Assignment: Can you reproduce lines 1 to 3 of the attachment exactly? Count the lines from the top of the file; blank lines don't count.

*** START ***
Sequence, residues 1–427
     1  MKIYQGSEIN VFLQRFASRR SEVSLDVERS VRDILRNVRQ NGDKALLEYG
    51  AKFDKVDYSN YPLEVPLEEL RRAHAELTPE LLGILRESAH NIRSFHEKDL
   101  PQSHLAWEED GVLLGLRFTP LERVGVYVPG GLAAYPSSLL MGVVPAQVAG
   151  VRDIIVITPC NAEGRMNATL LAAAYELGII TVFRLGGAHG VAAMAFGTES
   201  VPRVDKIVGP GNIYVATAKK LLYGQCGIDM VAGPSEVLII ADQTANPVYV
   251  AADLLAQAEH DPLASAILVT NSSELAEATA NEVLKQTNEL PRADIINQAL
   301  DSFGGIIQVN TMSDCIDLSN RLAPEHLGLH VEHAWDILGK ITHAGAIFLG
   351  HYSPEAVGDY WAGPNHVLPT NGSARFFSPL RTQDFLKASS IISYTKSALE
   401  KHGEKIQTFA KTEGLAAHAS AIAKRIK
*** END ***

Sequence, residues 1–427
     1  MKIYQGSEIN VFLQRFASRR SEVSLDVERS VRDILRNVRQ NGDKALLEYG
    51  AKFDKVDYSN YPLEVPLEEL RRAHAELTPE LLGILRESAH NIRSFHEKDL